For repetitive, high-volume tasks, data validation can improve quality and reliability by reducing or preventing errors, saving time, enhancing the user experience, and reducing fatigue.

There are likely many technology-enabled options to support or replace the manual counting of votes, but the risks associated with these options and the research to support the use of these technologies was beyond the scope of this review. The Electoral Commission could consider whether technology (with appropriate security controls) could provide additional robustness to the manual vote counting process. Using technology to automate repetitive or manual tasks can help reduce the likelihood of errors caused by human oversight or fatigue. The technology could include, for example:

  • scanning ballot papers received, replacing the need for a physical count. This would enable voting information to be recorded and votes to be totalled, reducing balancing and other data entry errors; and
  • scanning count results into the electronic record system rather than manually entering them. This would not replace the physical count, but would replace the data entry process.

Technology like this can be useful when processes involve significant time constraints and large volumes of information or data. We recognise that this would have resourcing implications and that the Electoral Act 1993 would likely need to be amended to allow this.

When full automation is not possible, technology-enabled controls can support complex manual tasks (like quality assurance checks) and reduce errors. Examples of controls include having the right information accessible in the right format, systems that are user-friendly and easy to navigate, and/or built in data validation.

The Electoral Commission could also explore enhancing EMS to make it easier to identify more obvious errors, such as when duplicate results are entered for election day and advance voting. During the Port Waikato By-election, the Electoral Commission piloted a new, more user-friendly Electorate Detail Report to identify potential duplicate data entries.

Continuous improvement

In our view, as part of continuous improvement, the Electoral Commission needs to analyse errors, identify gaps or vulnerabilities in systems, processes, and controls, and prepare an improvement plan to address them before the next election.

In the Port Waikato By-election, the Electoral Commission trialled a new checklist to guide the electorate manager through the key checks that needed to be carried out. The Port Waikato electorate manager provided feedback that the checklist worked well.

Although the checklist worked well in the by-election, a by-election is typically much less complex than a general election. The Electoral Commission could consider how processes might be implemented more broadly in the next general election.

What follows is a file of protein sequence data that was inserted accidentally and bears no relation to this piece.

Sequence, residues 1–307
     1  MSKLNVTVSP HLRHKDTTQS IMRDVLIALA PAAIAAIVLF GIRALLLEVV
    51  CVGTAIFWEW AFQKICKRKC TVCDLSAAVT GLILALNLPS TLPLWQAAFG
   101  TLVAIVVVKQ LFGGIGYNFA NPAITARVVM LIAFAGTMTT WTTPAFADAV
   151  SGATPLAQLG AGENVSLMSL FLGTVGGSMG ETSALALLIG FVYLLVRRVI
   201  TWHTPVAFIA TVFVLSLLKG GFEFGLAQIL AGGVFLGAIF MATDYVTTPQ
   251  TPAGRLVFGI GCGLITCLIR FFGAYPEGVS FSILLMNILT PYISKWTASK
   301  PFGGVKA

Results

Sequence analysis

The Chief Electoral Officer told us that the Electoral Commission has now mapped key election processes. We recommend extending this to identify automated and manual controls that manage risks in the processes, and testing these for effectiveness.


It is important to have a formal process to provide the executive leadership team and the Electoral Commission Board with assurance that all exceptions identified are either below the error tolerance or have been resolved. There was no such formal process during the official count process in the 2023 General Election.

Recommendation 1
We recommend that the Electoral Commission review all vote counting and quality assurance checks and controls to address gaps and vulnerabilities.

Enrolment and voting patterns and events put pressure on processes and people

Humans make mistakes. Enrolment and voting patterns and events in the 2023 General Election created extra workload and delays in processing enrolments and votes. This in turn put pressure on the time available to carry out post-election checks. In our view, these escalating pressures created a situation where mistakes were more likely to occur and to go undetected.

Special votes and enrolments during the voting period were higher than expected

As we describe in Part 2, in 2023 fewer people voted early and significantly more people chose to enrol and vote closer to election day. More people cast special votes than ever before, and special votes take significantly longer to process. This extra work exceeded the Electoral Commission's projections that had informed the number of staff it employed, meaning there was not enough staff to keep up with enrolment processing.

During the 2023 General Election, election workers used an electronic roll to look up voters to direct them to the appropriate ordinary vote or special vote queue and to update enrolment details for voters changing their address within the same electorate. The electronic roll had two outages on election day, and some election workers were uncertain about what to do. Although this might not have been a significant factor, we were told that when the outages happened some election workers directed people to the special vote queue. They were asked to cast a special vote when this might not have been necessary.